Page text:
Microsoft Pulls Apple-Bashing iPhone 5 Video, Says It Was Just Joking

The clip -- titled "A fly on the wall in Cupertino?" -- was posted Friday to Microsoft's Windows Phone YouTube account. Microsoft took it down Monday, but it is still available from the Fast Company website.

The video shows Cook and Ive from behind, so their faces aren't seen. But, some YouTube viewers felt the Cook depiction was in poor taste because it bears a strong resemblance to the late Steve Jobs.

[Related: Microsoft Hopes iPad Trade-In Program Will Boost Surface Sales ]

In the video, the Apple designers poke fun at the plastic casing of the iPhone 5C and the new gold iPhone 5S model. One even sneaks in a jab at Apple's long-rumored "iWatch" being sent back to the R&D labs.

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Microsoft isn't saying why it pulled the video, but a spokesperson told CRN it was meant to be a joke.

"The video was intended to be a light-hearted poke at our friends from Cupertino. But it was off the mark, and we’ve decided to pull it down," a Microsoft spokesperson said in an email.

Microsoft has a long history of making bizarre and often confusing promotional videos. In 2008, Microsoft kicked off a $300 million brand-polishing campaign with a pair of television ads featuring Jerry Seinfeld and Bill Gates, but they contained no Microsoft branding or messaging and lacked a discernible point.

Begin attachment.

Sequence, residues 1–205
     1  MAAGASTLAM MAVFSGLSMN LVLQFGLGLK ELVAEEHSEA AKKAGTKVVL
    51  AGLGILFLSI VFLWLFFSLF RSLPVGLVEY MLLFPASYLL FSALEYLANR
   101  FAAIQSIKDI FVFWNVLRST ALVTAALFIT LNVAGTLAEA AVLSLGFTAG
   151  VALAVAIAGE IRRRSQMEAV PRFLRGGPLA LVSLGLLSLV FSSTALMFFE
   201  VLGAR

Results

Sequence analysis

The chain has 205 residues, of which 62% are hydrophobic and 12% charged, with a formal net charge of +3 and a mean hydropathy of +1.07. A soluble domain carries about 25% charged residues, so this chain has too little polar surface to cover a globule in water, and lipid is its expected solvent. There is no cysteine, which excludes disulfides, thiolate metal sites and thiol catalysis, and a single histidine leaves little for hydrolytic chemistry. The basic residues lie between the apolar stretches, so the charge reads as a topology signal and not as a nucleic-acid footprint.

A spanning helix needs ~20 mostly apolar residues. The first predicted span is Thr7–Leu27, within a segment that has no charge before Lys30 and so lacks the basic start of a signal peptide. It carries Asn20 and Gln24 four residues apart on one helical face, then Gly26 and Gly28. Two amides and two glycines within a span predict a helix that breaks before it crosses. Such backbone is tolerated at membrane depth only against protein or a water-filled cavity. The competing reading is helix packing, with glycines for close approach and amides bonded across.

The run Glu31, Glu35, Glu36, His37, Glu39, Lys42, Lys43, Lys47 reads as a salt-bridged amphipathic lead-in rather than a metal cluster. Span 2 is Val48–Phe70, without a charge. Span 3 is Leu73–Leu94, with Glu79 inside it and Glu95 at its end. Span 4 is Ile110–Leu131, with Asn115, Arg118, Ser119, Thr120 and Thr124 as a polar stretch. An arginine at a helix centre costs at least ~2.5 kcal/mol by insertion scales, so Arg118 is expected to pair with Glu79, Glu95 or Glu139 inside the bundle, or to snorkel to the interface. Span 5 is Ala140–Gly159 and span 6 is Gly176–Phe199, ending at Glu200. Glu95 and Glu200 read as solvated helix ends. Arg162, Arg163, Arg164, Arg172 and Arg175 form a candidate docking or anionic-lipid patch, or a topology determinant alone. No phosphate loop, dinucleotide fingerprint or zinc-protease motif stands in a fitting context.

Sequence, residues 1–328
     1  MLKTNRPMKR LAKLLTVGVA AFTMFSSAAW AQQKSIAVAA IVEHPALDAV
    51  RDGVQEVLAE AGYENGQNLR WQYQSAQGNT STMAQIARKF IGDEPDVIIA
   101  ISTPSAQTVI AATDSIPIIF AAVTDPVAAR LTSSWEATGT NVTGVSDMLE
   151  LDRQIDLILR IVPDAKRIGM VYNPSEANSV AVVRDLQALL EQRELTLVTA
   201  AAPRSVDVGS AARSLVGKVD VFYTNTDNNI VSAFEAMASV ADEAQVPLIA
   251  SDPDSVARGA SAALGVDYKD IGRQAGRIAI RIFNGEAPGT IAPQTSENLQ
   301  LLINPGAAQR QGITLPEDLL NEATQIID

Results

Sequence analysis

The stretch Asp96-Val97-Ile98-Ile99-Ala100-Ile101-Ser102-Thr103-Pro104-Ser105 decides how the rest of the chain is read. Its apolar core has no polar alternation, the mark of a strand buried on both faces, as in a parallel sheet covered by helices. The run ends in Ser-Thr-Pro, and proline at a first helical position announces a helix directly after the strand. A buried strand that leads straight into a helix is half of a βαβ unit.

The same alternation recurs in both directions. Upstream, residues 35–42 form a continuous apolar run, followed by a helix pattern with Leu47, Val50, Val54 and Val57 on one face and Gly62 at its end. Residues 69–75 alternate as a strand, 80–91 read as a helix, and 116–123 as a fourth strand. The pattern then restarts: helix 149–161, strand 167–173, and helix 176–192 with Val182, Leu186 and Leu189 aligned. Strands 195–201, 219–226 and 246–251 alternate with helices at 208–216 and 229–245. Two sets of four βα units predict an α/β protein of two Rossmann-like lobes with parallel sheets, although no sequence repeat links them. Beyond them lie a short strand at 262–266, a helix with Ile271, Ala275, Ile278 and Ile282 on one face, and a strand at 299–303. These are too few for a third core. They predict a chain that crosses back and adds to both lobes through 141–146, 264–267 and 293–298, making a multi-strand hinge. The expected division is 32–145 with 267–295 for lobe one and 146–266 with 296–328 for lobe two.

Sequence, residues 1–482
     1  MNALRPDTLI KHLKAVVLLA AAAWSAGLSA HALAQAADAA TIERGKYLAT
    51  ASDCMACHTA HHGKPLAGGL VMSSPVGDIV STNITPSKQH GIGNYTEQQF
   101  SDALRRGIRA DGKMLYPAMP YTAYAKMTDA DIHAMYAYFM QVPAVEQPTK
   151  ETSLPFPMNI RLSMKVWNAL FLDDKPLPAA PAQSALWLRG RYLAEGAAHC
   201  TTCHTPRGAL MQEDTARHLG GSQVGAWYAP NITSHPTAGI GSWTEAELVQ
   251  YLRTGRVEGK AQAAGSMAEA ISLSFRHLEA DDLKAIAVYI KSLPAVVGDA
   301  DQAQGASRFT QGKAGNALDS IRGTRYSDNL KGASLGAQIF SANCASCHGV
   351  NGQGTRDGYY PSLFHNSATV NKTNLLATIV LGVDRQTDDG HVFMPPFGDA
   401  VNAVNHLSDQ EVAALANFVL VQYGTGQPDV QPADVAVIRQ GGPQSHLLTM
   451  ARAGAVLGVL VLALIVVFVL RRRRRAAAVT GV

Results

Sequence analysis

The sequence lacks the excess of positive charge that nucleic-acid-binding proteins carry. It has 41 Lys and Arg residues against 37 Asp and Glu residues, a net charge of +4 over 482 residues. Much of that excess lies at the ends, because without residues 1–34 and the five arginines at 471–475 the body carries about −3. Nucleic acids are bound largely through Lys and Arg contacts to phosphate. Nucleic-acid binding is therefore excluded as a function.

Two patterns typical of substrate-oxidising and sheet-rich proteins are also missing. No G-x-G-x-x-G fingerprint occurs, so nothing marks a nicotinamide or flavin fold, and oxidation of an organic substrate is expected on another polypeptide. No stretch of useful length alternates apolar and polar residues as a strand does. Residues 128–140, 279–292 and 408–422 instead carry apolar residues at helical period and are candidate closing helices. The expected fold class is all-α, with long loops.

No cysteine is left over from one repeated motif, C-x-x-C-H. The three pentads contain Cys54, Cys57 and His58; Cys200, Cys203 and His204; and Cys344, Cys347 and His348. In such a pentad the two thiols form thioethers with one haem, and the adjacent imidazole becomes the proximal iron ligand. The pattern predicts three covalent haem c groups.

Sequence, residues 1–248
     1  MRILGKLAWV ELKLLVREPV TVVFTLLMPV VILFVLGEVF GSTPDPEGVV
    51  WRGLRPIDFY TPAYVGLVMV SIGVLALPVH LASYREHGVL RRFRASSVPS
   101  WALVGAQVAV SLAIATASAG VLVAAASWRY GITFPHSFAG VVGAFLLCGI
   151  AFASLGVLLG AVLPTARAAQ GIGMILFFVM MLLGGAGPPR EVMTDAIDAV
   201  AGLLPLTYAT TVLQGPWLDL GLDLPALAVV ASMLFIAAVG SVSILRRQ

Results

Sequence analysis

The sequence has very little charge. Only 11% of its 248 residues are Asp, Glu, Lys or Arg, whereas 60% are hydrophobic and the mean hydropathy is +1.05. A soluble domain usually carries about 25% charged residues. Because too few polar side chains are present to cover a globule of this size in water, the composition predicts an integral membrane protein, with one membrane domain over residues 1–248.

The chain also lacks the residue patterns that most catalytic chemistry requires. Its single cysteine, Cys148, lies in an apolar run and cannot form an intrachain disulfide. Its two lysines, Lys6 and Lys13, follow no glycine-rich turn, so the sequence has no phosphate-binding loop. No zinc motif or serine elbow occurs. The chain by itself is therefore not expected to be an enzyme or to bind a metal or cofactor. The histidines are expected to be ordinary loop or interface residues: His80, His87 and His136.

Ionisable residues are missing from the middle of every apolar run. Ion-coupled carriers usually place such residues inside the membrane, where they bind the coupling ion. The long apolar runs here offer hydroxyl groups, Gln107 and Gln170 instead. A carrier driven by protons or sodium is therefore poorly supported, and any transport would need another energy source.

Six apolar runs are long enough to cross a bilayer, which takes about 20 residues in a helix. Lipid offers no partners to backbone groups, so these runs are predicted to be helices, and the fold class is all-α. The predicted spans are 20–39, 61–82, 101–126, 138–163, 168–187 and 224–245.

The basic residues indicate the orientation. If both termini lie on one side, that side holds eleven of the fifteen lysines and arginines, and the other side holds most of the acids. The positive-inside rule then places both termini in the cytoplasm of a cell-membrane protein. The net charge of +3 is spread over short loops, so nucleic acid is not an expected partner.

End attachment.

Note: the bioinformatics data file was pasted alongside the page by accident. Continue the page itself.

There's also the cringe-worthy Windows Vista "Dancing In The Dark" video that plays on the 1980s Bruce Springsteen hit. And who could ever forget the Internet Explorer 8 video that shows a woman vomiting after checking her husband's Web browser history?

Microsoft has also taken heat for the factual accuracy of its "Scroogled" campaign, which claims Google is reading everyone's emails and using the contents to beam targeted ads at them.

Bashing campaigns are hard to pull off, and the recent Apple video suffers from the lack of comparative messaging, Allen Falcon, CEO of Cumulus Global, a Westboro, Mass.-based Google partner, said in an email.

"Apple's Mac versus PC ads were very effective because they were based on accurate information and focused on legitimate differences between the products and how the companies relate to customers," Falcon told CRN. "The iPhone ads have low production value and lack an underlying reason for existing -- there's no comparison, just teasing."

Michael Oh, president and founder of Tech Superpowers, a Boston-based Apple reseller, says Microsoft isn't exactly speaking from a position of strength in mocking Apple.

"It would be one thing for these types of ads to come from an equal like Samsung. But, for them to come from Microsoft, whose mobile strategy is essentially buying up their largest hardware partner on Windows as a mobile platform?" Oh said in an email.

Microsoft is trailing Apple by a wide margin in smartphones, and it's anyone's guess whether spending $7.2 on Nokia's devices unit is going to help it close the gap. In the meantime, as Microsoft looks for a new CEO to replace the departing Steve Ballmer, shareholders may question the wisdom of putting time and money into making Apple-bashing videos -- even if they are just a joke.